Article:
Cliff Bowes: Swimmer, Stunt Man, Comedian

Picture of Bowes from “Accidentally Preserved”

Today is the birthday of silent comedy star Cliff Bowes (1894-1929). Like many film performers, Bowes got his start not on the stage but in the world of athletics. A champion swimmer and diver, he initially became a stunt man at Mack Sennett’s Keystone starting in 1915. Within months he was playing small parts in comedies, remaining with Sennett through 1918, when he left to become a pilot for the Navy during WWI.

After his service he starred in comedy shorts for a number of studios: Fox Sunshine, Warner Brothers, Universal, and especially Educational Pictures where he appeared both in Mermaid Comedies (1923-1925) and Cameo Comedies (1923-1929). The latter series, helmed by Jack White, was and is what he is best known for. Co-starring Virginia Vance, they usually feature Bowes as a klutzy young husband or boyfriend who gets into scrapes that Vance has to bail him out of.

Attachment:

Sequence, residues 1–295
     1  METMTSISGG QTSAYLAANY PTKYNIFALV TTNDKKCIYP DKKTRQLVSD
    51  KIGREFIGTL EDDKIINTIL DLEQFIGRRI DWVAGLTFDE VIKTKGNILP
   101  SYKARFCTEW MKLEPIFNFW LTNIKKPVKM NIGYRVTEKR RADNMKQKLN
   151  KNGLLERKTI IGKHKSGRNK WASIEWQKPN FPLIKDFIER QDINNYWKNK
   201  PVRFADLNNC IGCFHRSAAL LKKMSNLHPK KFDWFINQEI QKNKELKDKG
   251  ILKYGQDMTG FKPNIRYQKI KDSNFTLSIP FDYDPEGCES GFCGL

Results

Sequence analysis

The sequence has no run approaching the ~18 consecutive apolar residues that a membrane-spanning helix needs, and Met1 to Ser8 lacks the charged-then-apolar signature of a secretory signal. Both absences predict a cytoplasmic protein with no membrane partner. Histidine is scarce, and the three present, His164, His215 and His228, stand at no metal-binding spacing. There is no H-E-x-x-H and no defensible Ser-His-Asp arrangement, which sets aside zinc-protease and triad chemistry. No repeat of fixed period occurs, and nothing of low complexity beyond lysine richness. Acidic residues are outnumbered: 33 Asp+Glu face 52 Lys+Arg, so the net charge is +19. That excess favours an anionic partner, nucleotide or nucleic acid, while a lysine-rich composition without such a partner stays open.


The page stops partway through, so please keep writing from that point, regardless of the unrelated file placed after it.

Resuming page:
Fortunately, thanks to Ben Model’s recent Accidentally Preserved project, we get to see one of them! In the 1924 short Cheer Up, Bowes vies with a rival for Virginia’s hand. The rival’s pranks upon their wedding house reminds me a little (but only a little of) of Buster Keaton’s much more elaborate One Week:

For more on silent and slapstick comedy please see my new book Chain of Fools: Silent Comedy and Its Legacies from Nickelodeons to Youtube, just released by Bear Manor Media, also available from etc etc etc


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